Larry Summers: I think the second factor, which is part of what is going on in the United States, but that goes way beyond the United States, is that there is a sense of disillusionment with elite leaders. And some of this, perhaps much of this, has to do with rising inequality, and a sense that working people have been left behind.

Larry Summers: Some of it goes with a broader suspicion that regular people, people who, as Bill Clinton used to say, "work hard and play by the rules", that those people have lost confidence in elite experts in every sphere. And you see that in things, from the anti-vaccine movement in the United States, to climate denialism, to resistance, to international agreements of every kind.

Larry Summers: And I think that disillusionment with elite leadership at a distance, because of a suspicion that it's pursuing its own agenda rather than the people's agenda, has, I think, also made the global cooperative process more difficult than it had been previously. And some of that is related to the fact that elites turned out to be wrong about things. They told people there wasn't going to be any dislocation or disruption from trade, that didn't turn out to be true.

Larry Summers: They told people that a burgeoning financial sector that was free from the shackles of regulation would drive a more stable and efficient global economy, and that didn't turn out to play out as was predicted.

Larry Summers: So, I think it's American abdication, and what one might summarize as "disaffection with Davos", and the "Davos mentality", I think are two factors that make the cooperation process right now in these few years much more difficult.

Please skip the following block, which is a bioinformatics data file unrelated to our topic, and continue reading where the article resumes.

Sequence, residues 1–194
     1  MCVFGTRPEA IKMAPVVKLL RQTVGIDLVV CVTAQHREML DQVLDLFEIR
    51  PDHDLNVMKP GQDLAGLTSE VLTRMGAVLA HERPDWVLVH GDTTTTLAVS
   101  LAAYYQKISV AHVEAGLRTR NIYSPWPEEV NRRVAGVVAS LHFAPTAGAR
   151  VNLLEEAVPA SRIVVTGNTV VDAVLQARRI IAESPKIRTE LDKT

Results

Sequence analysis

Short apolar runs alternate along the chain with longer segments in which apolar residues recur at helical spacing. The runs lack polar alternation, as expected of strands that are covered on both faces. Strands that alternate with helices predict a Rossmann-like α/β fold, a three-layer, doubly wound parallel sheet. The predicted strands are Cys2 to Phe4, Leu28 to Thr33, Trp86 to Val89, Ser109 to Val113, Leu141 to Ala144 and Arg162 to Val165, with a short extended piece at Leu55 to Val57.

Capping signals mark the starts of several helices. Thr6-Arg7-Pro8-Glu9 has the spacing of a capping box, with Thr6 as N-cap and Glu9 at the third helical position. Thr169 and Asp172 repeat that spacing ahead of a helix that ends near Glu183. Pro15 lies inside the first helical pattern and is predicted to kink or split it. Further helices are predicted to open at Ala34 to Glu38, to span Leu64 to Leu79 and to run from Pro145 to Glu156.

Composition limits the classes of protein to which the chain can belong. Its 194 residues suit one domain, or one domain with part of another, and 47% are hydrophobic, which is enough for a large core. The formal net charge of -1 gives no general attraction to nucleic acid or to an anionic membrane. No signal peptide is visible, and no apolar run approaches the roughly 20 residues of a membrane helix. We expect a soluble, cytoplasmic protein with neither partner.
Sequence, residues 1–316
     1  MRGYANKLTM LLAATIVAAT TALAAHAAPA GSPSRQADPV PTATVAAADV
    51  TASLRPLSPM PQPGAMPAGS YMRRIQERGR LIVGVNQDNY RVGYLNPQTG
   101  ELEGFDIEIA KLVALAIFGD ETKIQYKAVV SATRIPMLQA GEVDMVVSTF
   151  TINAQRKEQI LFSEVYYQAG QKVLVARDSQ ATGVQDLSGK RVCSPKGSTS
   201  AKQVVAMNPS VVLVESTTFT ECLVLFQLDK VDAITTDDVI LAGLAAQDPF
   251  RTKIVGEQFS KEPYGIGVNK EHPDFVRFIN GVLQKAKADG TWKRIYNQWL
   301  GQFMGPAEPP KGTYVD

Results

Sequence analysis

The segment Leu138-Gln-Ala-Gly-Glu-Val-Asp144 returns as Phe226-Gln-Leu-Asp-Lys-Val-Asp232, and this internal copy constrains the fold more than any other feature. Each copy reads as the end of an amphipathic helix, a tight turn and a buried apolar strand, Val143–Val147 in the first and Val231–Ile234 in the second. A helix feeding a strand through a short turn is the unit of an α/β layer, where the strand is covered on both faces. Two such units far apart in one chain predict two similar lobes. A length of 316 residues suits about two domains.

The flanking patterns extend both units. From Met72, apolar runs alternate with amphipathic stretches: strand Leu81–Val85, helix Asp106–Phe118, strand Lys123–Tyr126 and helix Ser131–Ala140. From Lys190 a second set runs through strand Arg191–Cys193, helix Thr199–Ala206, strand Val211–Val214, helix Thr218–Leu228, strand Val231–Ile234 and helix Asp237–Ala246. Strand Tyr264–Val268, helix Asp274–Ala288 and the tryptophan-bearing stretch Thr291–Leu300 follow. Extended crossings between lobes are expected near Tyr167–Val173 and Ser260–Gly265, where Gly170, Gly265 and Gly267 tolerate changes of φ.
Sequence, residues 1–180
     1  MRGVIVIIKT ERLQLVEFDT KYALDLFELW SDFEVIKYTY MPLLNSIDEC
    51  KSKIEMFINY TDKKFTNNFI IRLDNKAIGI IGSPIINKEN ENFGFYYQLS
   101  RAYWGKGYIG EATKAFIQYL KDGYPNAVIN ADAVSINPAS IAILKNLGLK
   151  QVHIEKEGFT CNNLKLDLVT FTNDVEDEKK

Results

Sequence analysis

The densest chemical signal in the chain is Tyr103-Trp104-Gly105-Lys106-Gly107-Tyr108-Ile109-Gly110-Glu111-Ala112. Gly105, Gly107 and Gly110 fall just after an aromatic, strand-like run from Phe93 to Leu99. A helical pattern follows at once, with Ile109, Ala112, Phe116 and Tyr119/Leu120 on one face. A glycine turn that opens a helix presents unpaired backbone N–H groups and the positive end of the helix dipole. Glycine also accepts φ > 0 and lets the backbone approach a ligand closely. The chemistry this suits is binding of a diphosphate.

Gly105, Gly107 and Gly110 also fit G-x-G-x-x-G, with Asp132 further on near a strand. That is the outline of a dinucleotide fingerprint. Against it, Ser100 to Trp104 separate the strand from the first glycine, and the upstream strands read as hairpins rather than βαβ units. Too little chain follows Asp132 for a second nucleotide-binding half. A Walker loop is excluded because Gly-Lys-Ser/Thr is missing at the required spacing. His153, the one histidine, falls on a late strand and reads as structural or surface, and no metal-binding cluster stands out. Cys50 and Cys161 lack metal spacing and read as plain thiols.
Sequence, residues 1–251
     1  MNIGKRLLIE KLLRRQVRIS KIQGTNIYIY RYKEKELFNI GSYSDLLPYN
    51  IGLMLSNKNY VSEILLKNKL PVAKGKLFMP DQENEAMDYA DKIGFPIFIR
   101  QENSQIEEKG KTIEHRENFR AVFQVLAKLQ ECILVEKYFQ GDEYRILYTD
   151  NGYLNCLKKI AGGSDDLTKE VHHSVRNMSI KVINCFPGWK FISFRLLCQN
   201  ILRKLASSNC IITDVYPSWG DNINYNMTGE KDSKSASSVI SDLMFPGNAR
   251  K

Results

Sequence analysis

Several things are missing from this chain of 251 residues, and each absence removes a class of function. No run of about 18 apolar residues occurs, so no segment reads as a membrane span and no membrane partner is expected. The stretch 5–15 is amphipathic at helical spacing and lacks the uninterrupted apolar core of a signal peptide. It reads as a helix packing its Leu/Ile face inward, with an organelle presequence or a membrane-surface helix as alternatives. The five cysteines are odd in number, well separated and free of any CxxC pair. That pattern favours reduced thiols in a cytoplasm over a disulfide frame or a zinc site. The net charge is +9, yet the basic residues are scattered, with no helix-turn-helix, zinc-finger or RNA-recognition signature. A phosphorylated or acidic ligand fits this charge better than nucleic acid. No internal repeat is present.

Elmira Bayrasli: Secretary Summers, I want to turn to one of the major issues that loomed over this year's summit, and that is the resurgence of protectionism. At last year's meeting in Buenos Aires, the traditional pledge to fight protectionism was removed, at the Trump administration's assistance, from that final communique, and it was the first time that that happened.

Elmira Bayrasli: Since then, the trade war between the US and China has escalated into a serious threat to global growth and stability. Is there anything other member countries can do to counteract this trend?

Larry Summers: I'm embarrassed, as an economist, and as an American, by some of the things that our government has said and done about international trade. The focus on bilateral deficits and surpluses is not the stuff that passes in introductory economics courses.

Larry Summers: The unilateral pursuit of trade objectives, vis-a-vis all other countries, rather than the forming of alliances and coalitions to confront the most egregious trade sinners, violates the most elementary cannons of diplomacy, that you try to isolate your adversary, rather than to isolate yourself.